Ahead of my women and art summer school at Sotheby’s Institute of Art in London, I wrote this piece about the increased visibility of women artists in this year’s Venice Biennale. I also got thoroughly drenched.
When not writing and talking about feminism and art I have also been working on another book project on fine art ceilings for White Lion called The Art of Looking Up which will be published in autumn 2019. Unfortunately this entry didn’t make it into the final manuscript due to an issue with images, and this was especially sad for me as it was the only work in the book that had been potentially by female artist, so this is the ideal space for a preview. Even more so amid the current re-engagement with the art of Artemisia Gentileschi who potentially painted a large proportion of this ceiling for the Queen’s House in Greenwich, which is now installed in Marlborough House, London.
Orazio and Artemisia ( ?) Gentileschi, Allegory of Peace, Marlborough House, London, UK
Before the establishment of the Royal Academy in England in 1768, and without a state or crown sponsored national art school, England relied on importing painters from the European continent. This imported talent was necessary if the ruling classes and the royal court wanted to immortalise themselves with portraits, decorate their palaces in keeping with the princely fashions of neighbouring nations, and craft their funerary monuments. And so European painters became indispensable members of English aristocratic households on whom their aspirational patrons depended for constructing a carefully constructed and idealised identity through images.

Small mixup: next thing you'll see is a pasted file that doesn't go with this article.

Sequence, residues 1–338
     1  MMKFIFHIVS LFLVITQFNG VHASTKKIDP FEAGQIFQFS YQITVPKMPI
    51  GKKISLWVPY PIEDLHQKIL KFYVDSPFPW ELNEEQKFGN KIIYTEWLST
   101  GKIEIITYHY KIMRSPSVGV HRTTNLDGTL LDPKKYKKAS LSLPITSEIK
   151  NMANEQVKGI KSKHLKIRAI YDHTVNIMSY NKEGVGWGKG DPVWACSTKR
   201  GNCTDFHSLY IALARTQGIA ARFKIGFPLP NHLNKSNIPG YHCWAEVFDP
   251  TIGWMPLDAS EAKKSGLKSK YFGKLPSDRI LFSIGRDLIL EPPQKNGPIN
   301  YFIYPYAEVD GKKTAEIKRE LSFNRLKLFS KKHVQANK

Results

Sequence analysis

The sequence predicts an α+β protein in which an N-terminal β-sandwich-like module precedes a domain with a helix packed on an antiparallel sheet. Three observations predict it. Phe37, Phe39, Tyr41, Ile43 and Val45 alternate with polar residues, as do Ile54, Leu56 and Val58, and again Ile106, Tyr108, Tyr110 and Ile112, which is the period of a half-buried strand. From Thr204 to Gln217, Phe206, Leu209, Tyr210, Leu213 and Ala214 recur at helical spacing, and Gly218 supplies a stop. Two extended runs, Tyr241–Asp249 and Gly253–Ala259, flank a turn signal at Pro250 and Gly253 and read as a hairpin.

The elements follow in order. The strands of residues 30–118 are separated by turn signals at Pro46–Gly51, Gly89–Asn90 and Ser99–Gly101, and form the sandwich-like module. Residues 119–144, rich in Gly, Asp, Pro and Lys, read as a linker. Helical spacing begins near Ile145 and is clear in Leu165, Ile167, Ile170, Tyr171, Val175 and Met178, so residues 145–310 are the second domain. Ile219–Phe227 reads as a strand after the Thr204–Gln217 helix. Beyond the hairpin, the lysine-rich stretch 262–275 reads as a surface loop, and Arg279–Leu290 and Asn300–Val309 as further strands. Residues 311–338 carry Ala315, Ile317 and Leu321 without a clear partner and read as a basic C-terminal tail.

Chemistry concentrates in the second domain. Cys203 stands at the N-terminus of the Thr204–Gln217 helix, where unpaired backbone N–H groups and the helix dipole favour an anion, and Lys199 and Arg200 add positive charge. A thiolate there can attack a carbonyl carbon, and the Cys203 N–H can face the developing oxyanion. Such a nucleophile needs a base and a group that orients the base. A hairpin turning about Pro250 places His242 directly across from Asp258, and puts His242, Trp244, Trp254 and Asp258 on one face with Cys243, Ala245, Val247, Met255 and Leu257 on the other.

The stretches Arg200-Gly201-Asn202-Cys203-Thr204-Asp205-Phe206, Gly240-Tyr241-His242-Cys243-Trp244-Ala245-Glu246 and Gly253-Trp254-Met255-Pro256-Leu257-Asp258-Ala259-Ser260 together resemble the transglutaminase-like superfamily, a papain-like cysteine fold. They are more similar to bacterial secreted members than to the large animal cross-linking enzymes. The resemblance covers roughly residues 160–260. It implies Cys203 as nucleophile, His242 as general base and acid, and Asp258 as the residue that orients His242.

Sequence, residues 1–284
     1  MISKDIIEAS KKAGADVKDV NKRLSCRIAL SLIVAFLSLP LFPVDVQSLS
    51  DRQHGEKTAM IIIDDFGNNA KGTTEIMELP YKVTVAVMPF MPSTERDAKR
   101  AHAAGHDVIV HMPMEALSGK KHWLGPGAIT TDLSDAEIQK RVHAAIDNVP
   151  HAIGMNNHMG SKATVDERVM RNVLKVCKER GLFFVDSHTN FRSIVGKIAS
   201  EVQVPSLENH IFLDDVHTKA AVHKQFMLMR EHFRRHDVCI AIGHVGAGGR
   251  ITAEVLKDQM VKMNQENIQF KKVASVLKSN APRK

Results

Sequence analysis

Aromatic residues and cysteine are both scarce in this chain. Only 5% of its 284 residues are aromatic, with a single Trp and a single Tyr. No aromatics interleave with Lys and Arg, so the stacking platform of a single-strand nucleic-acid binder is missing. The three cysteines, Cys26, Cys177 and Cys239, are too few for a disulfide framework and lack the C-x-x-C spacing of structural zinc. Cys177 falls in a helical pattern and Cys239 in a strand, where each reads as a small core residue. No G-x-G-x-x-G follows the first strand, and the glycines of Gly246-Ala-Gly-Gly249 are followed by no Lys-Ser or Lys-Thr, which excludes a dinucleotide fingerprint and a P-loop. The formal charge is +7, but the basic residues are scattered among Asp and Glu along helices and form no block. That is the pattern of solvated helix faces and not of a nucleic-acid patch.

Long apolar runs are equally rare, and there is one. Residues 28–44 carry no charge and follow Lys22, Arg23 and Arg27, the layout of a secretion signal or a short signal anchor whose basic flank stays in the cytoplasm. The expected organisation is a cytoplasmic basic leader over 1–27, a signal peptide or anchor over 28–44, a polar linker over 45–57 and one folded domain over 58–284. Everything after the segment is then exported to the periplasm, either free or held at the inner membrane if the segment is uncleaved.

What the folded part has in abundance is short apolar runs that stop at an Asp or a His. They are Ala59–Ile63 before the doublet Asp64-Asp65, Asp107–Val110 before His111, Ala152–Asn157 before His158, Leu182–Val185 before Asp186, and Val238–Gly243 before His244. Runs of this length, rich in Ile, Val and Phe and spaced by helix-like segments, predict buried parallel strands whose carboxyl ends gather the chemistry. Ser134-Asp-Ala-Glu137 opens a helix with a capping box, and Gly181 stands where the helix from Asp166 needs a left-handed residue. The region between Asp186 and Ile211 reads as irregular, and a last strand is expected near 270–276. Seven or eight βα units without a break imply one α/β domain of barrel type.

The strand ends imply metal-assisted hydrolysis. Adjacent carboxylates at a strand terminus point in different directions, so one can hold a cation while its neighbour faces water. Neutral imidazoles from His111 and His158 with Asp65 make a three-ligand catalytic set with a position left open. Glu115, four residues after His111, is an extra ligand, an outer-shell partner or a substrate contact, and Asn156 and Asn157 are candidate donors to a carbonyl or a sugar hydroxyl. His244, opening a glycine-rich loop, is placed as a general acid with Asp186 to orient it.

It was under these circumstances that Orazio Gentileschi, an Italian painter from Tuscany, arrived in England in 1626 with his three sons and was ensconced in the household of George Villiers, the Duke of Buckingham. British shores were hospitable and lucrative for Gentileschi, who lived the remainder of his life in the UK and was rewarded for his services with an illustrious final resting place in the Queen’s Chapel at Somerset House on his death in 1639. A favourite at the court of Charles I, the artist was particularly favoured by the king’s wife, Queen Henrietta Maria, for whom he produced an Allegory of Peace- a visual cycle of nine canvases that were originally installed in the ceiling of Great Hall of the Queen’s House at Greenwich. The work was moved in its entirety to Marlborough House in the eighteenth century; a royal residence in London that was initially built in 1711 for Sarah Churchill, Duchess of Marlborough and confidante to Queen Anne. Since 1965, the house has been leased by Queen Elizabeth II to the Commonwealth of Nations and is the seat of the Commonwealth Secreteriat.
The painting cycle comprises a large central tondo (circular painting format) surrounded by four rectangular canvases and four smaller tondi, one in each corner. Together they present a ceiling decoration that is very much in keeping with the simple and bold geometry of Inigo Jones’s Palladian interior in the work’s original location at the Queen’s House in Greenwich. But an Allegory of Peace also functions as something of a diplomatic visual manifesto about cultural, or what we now call ‘soft power’.